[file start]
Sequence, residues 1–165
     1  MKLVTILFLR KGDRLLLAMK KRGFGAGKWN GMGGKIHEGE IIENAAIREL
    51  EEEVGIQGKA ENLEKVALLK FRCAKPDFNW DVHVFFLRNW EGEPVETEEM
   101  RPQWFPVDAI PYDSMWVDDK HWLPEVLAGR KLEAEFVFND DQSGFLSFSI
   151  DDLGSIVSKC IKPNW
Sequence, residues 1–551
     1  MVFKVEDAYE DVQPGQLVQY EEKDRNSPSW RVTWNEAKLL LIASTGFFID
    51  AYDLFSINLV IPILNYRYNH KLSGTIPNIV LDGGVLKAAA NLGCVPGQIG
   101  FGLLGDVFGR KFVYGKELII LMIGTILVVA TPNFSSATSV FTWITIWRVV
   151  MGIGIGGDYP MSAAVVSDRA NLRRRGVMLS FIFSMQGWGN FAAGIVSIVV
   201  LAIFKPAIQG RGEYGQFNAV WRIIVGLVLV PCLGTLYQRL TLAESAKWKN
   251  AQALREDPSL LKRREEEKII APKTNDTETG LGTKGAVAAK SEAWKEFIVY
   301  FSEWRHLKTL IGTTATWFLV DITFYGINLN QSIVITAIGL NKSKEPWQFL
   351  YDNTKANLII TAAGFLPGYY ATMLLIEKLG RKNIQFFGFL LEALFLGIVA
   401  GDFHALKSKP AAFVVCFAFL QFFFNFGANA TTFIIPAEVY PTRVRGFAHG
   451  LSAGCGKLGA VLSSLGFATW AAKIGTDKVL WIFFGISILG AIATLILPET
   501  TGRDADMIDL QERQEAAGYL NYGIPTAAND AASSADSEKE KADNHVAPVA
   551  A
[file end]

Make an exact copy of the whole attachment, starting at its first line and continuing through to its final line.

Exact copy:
Sequence, residues 1–165
     1  MKLVTILFLR KGDRLLLAMK KRGFGAGKWN GMGGKIHEGE IIENAAIREL
    51  EEEVGIQGKA ENLEKVALLK FRCAKPDFNW DVHVFFLRNW EGEPVETEEM
   101  RPQWFPVDAI PYDSMWVDDK HWLPEVLAGR KLEAEFVFND DQSGFLSFSI
   151  DDLGSIVSKC IKPNW
Sequence, residues 1–551
     1  MVFKVEDAYE DVQPGQLVQY EEKDRNSPSW RVTWNEAKLL LIASTGFFID
    51  AYDLFSINLV IPILNYRYNH KLSGTIPNIV LDGGVLKAAA NLGCVPGQIG
   101  FGLLGDVFGR KFVYGKELII LMIGTILVVA TPNFSSATSV FTWITIWRVV
   151  MGIGIGGDYP MSAAVVSDRA NLRRRGVMLS FIFSMQGWGN FAAGIVSIVV
   201  LAIFKPAIQG RGEYGQFNAV WRIIVGLVLV PCLGTLYQRL TLAESAKWKN
   251  AQALREDPSL LKRREEEKII APKTNDTETG LGTKGAVAAK SEAWKEFIVY
   301  FSEWRHLKTL IGTTATWFLV DITFYGINLN QSIVITAIGL NKSKEPWQFL
   351  YDNTKANLII TAAGFLPGYY ATMLLIEKLG RKNIQFFGFL LEALFLGIVA
   401  GDFHALKSKP AAFVVCFAFL QFFFNFGANA TTFIIPAEVY PTRVRGFAHG
   451  LSAGCGKLGA VLSSLGFATW AAKIGTDKVL WIFFGISILG AIATLILPET
   501  TGRDADMIDL QERQEAAGYL NYGIPTAAND AASSADSEKE KADNHVAPVA
   551  A